Note: This is a revised version of something I wrote and preached about a couple of years ago. Please don’t take me literally when I say things like ‘get out’, etc. But I do think we need to be, phased in, or not, about the business of being the church!
This Sunday is ʻPentecostʼ. Pentecost is a day to remember the coming of the Holy Spirit to the church following the Ascension of Jesus. We read in Acts 2:2 – “And suddenly from heaven there came a sound like the rush of a violent wind and it filled the entire house where they were sitting.” It always raises in my mind this question, If the Holy Spirit is indeed like a “violent wind,” like an untamed hurricane, or a sudden and destructive tornado, what makes us think we want it in our lives? Growing up in the Methodist Church we sang a song that goes, “Breathe on me Breath of God.” Itʼs a comforting image; like a baby sleeping on your chest, or a wife or husband curled up, dozing at your back, breathing a sweet gentle breath. Or, have you heard this one? “Spirit of the living God, fall afresh on me, Spirit of the Living God, fall afresh on me.” Or, do you know this one? “Thereʼs a sweet, sweet spirit in this place, And I know that itʼs the spirit of the LORD.” Comforting songs about the “Comforter”—songs that give you a sense of peace, just as Jesus said when he breathed the Spirit upon the disciples in the Upper Room on Easter evening. But as you read what happens in Acts 2 on that day of Pentecost, you get a different feeling than the songs I remember growing up.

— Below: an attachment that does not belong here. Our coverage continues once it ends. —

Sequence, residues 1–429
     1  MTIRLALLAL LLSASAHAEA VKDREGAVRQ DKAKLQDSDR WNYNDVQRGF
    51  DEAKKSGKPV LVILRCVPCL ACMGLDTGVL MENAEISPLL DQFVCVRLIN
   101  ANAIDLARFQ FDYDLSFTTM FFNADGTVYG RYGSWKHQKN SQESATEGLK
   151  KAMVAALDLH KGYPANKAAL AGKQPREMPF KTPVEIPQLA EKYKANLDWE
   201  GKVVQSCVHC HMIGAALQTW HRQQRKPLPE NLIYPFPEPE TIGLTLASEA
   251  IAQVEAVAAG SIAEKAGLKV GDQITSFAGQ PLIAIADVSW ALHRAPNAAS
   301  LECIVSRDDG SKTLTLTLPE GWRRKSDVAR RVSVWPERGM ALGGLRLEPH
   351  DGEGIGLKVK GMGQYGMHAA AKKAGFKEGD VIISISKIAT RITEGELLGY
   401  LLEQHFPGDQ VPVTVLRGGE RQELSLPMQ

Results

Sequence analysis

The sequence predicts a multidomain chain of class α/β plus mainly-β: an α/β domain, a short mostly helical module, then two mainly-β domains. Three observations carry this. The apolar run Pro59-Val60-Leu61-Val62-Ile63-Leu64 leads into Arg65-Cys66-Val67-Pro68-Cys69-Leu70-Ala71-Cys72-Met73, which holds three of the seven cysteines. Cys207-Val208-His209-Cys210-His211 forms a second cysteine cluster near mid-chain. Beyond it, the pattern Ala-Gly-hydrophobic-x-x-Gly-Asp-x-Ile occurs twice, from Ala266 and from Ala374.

Reading it again, I donʼt think the Spirit is always all that sweet and gentle. Indeed, I think the Spirit is a lot like how my Aunt Sarah (my Dadʼs youngest sister) told me a story about “Mama Mac, my paternal grandmother. “Mama left the house one day with orders for us to do our ‘chores’. We got busy with others things when: suddenly, from the kitchen door there came a sound like the rush of a violent wind, and it filled the entire room where we were sitting . . . and the name of that wind was Mama Mac, and she was not happy! She came home unexpectedly and instead of finding her children busy with the tasks she had left them to do, she found them sitting around doing nothing. Mama Mac roared into the den, the fly swatter in hand. We quickly scattered to finish the jobs she had given us earlier that day!“